Seventeenth, 18th, and 19th century English and Dutch settlers described seeing Native peoples east of the Mississippi create and use these sacred stone landscapes. Some significant examples are the 17th century accounts of Indigenous stone monuments, in the Chesapeake Bay area by English explorer John Smith of Pocahontas fame (called pawcorances by the local tribal peoples), and in the Carolina Piedmont by German explorer John Lederer (King and Strickland, this volume), and the 18th century Journal of Reverend John Sergeant, particularly his Nov. 3, 1734 entry describing a huge stone memorial mound in Great Barrington, Massachusetts actively being visited by Mohican tribal members (Hopkins 1753: 24). Sergeant was the first minister to the Mohican Indian tribe in their main village, which is now Stockbridge, Massachusetts. In the 19th century, the anonymous author of “A Description of Mashpee, in the County of Barnstable” described local Natives building and using stone monuments (Collections of the Massachusetts Historical Society, written in 1802 and cited by Simmons, 1986: 253). The Indigenous community of Mashpee is located in eastern Massachusetts on what is now known as Cape Cod. In 1907 Frank Speck visited Mashpee and was told by elderly Wampanoag informants that the roadside monuments were spirit-lodges, where tribal members left offerings to the spirits of the dead (Simmons 1986: 254).
Likewise, the spiritual significance of built stone structures was conveyed by Native American leaders and informants to other Euro-American researchers, and subsequently published in the late 19th-21st century anthropological literature. Some of these ceremonial sites continue in use today. Primary documents, like those previously cited, that describe and/or support (through accounts of Indigenous worldview and spirituality) Indigenous creation and use of ritual stone features are not uncommon, and most are easily available to researchers online or through library loan. To make this point, we list a small, additional selection from that body of available literature: Philip L. Barbour (1986), The Complete Works of Captain John Smith, 1580-1631; Joseph Bruchac (1993), The Native American Sweat Lodge: History and Legends; Thor Conway (1993), Painted Dreams: Native American Rock Art; Frank Glynn (1973), “Excavation of the Pilot’s Point Stone Heaps;” Doug Harris and Paul Robinson (2015), “The Ancient Ceremonial Landscape and King Philip’s War: Battlefields of Nipsachuck”; Diamond Jenness (1935), The Ojibwa Indians of Parry Island, Their Social and Religious Life; Charles Leland (1884), The Algonquin Legends of New England; James Mooney (1900), Myths of the Cherokees; Robert E. Ritzenthaler and Pat Ritzenthaler (1970), The Woodland Indians of the Western Great Lakes; Elaine Thomas (2015), “Maintaining the Integrity of the Homeland: Recognizing and Re-Awakening the Memory of Forgotten Places through Mohegan Archaeology.”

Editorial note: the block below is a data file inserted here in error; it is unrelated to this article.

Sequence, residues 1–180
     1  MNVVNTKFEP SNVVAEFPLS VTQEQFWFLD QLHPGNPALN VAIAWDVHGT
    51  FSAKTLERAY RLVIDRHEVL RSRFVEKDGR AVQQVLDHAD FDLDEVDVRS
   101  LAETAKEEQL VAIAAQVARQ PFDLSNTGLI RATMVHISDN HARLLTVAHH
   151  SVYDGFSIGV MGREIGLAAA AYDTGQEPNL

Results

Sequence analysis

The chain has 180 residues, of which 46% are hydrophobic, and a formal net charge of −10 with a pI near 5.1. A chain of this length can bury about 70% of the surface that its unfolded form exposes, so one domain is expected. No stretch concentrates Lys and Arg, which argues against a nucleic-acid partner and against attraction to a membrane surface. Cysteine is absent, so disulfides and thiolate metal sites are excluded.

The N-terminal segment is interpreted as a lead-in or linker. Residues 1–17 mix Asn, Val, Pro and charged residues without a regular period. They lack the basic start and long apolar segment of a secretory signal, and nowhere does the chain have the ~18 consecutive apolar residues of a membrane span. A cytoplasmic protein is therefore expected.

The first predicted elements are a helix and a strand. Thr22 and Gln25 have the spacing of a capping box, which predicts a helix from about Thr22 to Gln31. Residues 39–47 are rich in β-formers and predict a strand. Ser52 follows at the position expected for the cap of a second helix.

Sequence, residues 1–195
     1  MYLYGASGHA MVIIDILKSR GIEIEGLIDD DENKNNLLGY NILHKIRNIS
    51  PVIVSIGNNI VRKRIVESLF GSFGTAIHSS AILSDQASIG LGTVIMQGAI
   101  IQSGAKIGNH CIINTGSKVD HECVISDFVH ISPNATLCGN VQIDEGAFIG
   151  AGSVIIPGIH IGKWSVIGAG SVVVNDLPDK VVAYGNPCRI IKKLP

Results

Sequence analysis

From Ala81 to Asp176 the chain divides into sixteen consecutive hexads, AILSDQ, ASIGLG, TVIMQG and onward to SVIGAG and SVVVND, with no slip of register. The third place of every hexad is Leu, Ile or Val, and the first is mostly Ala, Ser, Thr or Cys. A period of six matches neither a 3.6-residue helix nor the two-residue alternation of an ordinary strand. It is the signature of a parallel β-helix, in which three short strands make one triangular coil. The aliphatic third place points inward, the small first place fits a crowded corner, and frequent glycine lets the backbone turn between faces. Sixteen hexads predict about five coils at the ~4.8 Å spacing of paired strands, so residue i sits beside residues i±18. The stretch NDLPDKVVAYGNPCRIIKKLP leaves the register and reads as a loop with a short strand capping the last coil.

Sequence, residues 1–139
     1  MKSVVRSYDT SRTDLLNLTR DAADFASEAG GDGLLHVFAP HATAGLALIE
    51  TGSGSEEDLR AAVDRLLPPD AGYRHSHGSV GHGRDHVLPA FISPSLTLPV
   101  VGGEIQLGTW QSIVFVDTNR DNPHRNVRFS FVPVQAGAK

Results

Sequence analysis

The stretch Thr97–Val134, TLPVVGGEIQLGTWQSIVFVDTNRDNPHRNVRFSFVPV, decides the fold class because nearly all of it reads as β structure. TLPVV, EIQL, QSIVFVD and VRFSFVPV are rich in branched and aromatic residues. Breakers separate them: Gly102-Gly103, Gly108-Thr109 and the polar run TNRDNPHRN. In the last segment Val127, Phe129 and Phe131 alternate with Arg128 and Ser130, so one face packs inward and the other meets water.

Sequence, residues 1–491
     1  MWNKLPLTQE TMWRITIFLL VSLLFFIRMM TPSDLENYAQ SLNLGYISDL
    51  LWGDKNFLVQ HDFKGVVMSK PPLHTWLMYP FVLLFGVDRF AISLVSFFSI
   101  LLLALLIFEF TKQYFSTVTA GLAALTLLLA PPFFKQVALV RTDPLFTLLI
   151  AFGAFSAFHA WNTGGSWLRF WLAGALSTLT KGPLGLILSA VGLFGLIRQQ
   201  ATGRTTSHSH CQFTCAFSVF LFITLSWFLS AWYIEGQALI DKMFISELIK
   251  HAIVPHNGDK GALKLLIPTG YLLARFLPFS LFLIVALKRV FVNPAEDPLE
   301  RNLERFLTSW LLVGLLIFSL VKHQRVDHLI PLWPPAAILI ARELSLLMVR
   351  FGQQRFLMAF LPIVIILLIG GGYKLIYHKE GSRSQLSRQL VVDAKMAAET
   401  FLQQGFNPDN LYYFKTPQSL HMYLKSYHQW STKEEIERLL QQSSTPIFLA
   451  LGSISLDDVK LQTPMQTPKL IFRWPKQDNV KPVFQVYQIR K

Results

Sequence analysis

Nohham Rolf Cachat-Schilling
Julia A. King
Johannes (Jannie) H. N. Loubser
Frederick W. Martin
Charity Moore Norton
Paul A. Robinson
Laurie W. Rush
Scott M. Strickland
Kathleen Patricia Thrane
Matthew Victor Weiss